Some claim that the name “Damascus” comes from its city of origin in present-day Syria; it is, after all, produced in the Middle East and South Asia. Others believe it is derived from its distinctive, tide-like pattern: in Arabic, damas means water. Today “Damascus” is often used as an adjective to describe the beauty of a knife’s pattern, as opposed to its contents.

Because Japanese knives are made of many kinds of steel, they also benefit from the virtues of all their metals. Beneath 64 layers of Damascus steel, the knives in the ZUIUN collection each contain a carbon-heavy stainless-steel core. The Damascus Steel Santoku Kitchen Knife, on the otherhand, is actually made of 33 layers of rust-resistant VG-10 steel, a favorite in today’s super-sharp Japanese knives. VG-10, like the core of the ZUIUN knives, is stainless steel. In addition to being sharp, tough, and hard, any knife containing stainless steel is rust resistant and thus, long-lived.

Santoku and Other Virtuous Japanese Knives

You may have noticed that Bokksu sells several multi-use knives. Japanese knives have been adapted for chefs of all cuisines, but traditionally, they come in many shapes and materials, intended for very specific uses. We have two knives with specific special powers: the Sujihiki Slicing and Carving Knife and the ZUIUN Utility Knife. Sujihiki, or “slicer,” are long and narrow, designed to separate meat from bone, then slice it to your taste. Though it can be used in many applications, the ZUIUN Utility Knife is actually double-edged. Its ultra-precise cut is particularly well suiited for smaller tasks, slicing and dicing shallots, carrots, etc.

  Because of how expensive and coveted Japanese knives are, a large collection is impractical for the amateur cook. Enter, once more, the santoku bocho, or “three uses” knife, the perfect example of global cutlery. Santoku bocho can chop, dice, and slice 1.) meat, 2.) fish, and 3.) vegetables (among other unforeseen categories)! To cooks accustomed to making European-based cuisines, this versatility might seem a given. The Damascus Steel Santoku Kitchen Knife and ZUIUN Santoku Knife (180mm), however, are descended from generations of a “tool box” approach to Japanese knives. A chef born in Japan 200 years ago might have been familiar with a knife made to cut boned fish, for example, or with knives dedicated to vegetables and noodles. To this chef, well-versed in the world of many Japanese knives, these “multi-use” blades would likely be nothing short of a revelation.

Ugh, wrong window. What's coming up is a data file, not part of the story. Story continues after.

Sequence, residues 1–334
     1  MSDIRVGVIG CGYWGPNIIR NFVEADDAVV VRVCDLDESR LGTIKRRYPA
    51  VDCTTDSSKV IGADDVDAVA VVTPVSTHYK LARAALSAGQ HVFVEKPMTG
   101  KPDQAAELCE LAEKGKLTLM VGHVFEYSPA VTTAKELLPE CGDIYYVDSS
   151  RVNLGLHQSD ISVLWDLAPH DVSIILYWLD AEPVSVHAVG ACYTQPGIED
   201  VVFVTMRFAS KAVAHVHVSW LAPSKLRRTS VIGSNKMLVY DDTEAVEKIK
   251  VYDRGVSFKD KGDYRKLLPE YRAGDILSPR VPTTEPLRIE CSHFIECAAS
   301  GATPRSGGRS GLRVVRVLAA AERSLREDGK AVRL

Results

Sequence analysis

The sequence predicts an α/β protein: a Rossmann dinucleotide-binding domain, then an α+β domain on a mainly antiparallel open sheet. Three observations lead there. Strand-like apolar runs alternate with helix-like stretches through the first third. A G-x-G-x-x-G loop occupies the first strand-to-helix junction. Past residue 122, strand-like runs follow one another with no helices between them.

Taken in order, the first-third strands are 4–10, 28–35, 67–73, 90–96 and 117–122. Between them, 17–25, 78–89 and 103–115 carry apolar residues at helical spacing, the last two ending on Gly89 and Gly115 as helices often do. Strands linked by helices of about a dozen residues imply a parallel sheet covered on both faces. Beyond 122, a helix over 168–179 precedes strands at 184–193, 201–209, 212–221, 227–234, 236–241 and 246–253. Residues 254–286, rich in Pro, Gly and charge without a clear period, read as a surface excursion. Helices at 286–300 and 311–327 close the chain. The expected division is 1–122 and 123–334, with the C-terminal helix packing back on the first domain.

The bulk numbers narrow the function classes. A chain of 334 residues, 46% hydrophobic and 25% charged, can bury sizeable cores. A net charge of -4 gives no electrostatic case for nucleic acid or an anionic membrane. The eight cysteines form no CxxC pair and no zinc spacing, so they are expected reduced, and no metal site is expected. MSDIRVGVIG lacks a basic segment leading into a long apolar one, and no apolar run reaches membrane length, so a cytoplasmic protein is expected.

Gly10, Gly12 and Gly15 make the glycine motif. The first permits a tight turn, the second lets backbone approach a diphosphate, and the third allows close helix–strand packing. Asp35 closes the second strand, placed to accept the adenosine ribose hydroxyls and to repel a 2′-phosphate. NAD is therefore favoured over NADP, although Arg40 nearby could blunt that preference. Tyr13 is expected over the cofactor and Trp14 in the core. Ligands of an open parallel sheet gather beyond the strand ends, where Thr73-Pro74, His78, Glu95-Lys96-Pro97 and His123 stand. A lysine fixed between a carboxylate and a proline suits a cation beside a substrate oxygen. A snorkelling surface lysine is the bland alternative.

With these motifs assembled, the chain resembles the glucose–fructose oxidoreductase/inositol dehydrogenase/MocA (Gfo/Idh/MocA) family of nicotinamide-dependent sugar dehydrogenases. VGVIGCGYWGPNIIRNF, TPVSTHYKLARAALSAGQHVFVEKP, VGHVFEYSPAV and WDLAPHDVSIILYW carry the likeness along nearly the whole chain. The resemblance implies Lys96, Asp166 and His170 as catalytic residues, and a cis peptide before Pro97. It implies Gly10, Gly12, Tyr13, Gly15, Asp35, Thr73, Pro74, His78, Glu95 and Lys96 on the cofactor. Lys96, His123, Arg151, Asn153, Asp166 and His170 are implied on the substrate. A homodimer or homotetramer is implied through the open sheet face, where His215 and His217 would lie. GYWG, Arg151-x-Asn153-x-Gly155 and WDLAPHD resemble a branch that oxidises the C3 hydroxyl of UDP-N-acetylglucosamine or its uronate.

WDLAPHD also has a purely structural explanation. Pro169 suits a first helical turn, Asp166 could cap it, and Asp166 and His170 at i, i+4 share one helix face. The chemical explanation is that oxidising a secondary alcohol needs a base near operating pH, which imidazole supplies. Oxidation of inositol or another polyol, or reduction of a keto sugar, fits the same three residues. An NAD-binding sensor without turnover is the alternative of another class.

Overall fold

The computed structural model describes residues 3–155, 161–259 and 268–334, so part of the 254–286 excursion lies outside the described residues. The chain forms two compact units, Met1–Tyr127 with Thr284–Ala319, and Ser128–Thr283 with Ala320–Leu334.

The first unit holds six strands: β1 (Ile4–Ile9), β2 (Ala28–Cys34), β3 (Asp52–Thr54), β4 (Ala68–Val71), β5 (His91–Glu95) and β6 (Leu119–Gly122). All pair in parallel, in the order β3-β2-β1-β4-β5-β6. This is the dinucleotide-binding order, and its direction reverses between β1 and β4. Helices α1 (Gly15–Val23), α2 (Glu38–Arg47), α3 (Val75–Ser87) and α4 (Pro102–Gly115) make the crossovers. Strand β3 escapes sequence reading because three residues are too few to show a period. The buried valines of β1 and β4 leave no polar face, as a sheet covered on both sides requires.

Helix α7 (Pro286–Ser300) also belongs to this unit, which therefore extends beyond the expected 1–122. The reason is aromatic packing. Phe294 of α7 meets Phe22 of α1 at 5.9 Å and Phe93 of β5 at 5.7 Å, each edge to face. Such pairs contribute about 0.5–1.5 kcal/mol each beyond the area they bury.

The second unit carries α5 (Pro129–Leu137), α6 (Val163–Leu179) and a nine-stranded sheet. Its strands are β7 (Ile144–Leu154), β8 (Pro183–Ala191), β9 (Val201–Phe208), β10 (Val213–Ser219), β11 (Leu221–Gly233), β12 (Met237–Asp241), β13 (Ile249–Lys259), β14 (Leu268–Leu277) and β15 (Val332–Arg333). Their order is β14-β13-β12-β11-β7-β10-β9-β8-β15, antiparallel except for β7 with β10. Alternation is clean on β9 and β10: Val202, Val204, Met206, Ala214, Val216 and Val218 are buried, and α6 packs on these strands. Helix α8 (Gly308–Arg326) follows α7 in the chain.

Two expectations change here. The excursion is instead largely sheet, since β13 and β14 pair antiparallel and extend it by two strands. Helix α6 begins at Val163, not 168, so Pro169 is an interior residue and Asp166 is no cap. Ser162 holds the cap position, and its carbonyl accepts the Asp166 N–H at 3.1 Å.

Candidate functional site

By Emi Noguchi

Author Bio

Emi Noguchi is a fiction writer, blogger, and freelance writing instructor, and co-founder of MFA App Review. After studying standard Japanese at Columbia University, she picked up Kansai-ben while living in Osaka and some Awa-ben in her paternal hometown in Tokushima. Emi is a 2020 recipient of the John Weston Award and holds an MFA in Creative Writing from the University of Arizona. You can read her work in Essay Daily, The Spectacle, and Fairy Tale Review. Emi is currently writing a novel about diasporic illnesses, art-making, and traditional Japanese puppetry.